Job descriptions and industry overviews

Museum education officer: job description

21 Jun 2023, 15:39

Museum education officers organise learning opportunities for museum visitors.

A picture of a natural history museum, where a museum education officer can work

What does a museum education officer do? | Graduate salaries | Typical employers | Qualifications and training | Key skills

Museum education officers (also known as museum learning officers) develop learning opportunities, such as family events, classes, tours and workshops, for museum visitors.

In a small museum, you could be the only education officer and responsible for a wide variety of projects. In a larger venue, you’re likely to be part of a team. Jobs are often offered on short or fixed term contracts.

Typical duties include:

  • researching new learning opportunities and audiences
  • planning learning events, including practical aspects such as health and safety
  • designing learning materials for learners of all ages, including creating or developing learning resources
  • developing or contributing to the museum's educational strategy
  • liaising with schools, businesses, local authorities and educational organisations to design and deliver learning
  • representing and promoting the museum at external events and conferences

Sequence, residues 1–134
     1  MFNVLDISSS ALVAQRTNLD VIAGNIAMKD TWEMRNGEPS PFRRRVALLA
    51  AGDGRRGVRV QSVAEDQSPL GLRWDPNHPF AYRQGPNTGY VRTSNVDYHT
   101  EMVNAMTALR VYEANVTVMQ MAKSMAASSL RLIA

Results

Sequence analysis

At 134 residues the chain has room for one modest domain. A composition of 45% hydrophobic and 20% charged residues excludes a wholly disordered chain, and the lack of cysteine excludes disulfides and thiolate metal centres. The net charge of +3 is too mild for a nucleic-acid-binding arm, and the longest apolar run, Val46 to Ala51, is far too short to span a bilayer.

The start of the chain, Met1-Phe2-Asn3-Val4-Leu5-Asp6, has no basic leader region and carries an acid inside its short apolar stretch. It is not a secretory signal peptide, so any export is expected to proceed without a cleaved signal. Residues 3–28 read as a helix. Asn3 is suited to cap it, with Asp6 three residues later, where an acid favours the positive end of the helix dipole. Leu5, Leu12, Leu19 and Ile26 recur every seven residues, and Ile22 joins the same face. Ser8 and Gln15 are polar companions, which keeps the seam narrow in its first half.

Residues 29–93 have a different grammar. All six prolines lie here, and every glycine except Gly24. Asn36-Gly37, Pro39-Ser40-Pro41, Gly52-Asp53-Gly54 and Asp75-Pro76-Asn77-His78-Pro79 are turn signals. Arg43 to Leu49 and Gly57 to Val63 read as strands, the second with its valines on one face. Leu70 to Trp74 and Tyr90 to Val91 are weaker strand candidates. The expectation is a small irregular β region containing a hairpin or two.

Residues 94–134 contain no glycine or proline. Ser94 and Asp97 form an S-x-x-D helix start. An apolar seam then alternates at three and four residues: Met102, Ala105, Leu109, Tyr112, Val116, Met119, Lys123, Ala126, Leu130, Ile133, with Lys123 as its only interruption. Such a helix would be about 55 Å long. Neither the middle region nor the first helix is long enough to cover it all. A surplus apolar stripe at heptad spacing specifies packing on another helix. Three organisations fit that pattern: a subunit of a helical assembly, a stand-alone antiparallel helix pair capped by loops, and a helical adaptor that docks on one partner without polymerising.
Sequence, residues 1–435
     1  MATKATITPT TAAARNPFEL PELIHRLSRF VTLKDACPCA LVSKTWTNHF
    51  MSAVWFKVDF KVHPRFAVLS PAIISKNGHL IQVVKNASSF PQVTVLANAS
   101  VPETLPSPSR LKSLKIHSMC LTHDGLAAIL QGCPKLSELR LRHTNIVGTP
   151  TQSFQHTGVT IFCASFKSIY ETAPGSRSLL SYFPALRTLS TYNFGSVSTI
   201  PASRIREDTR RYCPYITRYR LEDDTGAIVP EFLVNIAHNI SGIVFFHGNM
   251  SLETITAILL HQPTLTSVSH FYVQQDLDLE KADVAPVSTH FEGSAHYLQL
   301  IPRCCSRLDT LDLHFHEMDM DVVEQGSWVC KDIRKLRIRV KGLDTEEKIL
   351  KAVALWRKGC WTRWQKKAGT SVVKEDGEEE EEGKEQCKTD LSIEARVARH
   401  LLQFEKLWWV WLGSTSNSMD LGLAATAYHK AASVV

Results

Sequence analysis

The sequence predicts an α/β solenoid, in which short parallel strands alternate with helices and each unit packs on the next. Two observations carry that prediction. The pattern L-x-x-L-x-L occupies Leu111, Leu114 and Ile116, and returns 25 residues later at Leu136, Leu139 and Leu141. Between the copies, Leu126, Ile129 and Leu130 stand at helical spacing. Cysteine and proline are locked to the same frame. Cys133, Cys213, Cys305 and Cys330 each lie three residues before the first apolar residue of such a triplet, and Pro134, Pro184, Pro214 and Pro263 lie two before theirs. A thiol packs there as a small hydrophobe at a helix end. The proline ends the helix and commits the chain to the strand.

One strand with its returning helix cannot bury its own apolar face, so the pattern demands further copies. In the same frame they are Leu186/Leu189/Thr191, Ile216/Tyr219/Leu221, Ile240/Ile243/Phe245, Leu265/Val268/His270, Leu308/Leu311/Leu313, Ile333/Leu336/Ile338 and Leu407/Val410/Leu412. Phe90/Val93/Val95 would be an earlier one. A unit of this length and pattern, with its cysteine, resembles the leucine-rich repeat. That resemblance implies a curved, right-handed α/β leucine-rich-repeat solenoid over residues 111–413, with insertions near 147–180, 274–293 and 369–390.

• managing learning-related projects, such as commissioning new online learning content
  • managing volunteers
  • generating income via funding bids.

Graduate salaries

Entry salaries for education officers tend to be around £20,000 . If you work for a museum that’s run by a local council, your salary will be part of within local authority pay scales, which are reviewed every year.

Typical employers of museum education officers

  • Local authorities.
  • Independent museums and galleries.
  • Universities.
  • Private collectors.

Jobs are advertised on local authorities’ and universities’ websites, national newspapers’ job sites and sites of independent museums. There are also specialist websites such as, and .

Qualifications and training required

This is a competitive field so, although a degree isn’t technically essential, graduates tend to be more successful in finding jobs in museum education work. Relevant degree subjects include archaeology, museum studies, education studies, history of art and history. Relevant work experience – paid or voluntary – is essential and some employers, particularly large national museums, prefer applicants to have teaching qualifications and experience too.

There are postgraduate courses for those without specialist undergraduate degrees or those who want to explore museum work more deeply.

Browse our CV and covering letter templates to see how you could present your skills and experience on your CV and to see an example email asking for work experience 'on the off chance'.

Key skills for museum education officers

  • An understanding of how children and adults learn, and the ability to apply this.
  • Excellent communication skills.
  • Organisational skills.
  • Creative thinking.
  • Interpersonal skills and the ability to work with people from a range of backgrounds.

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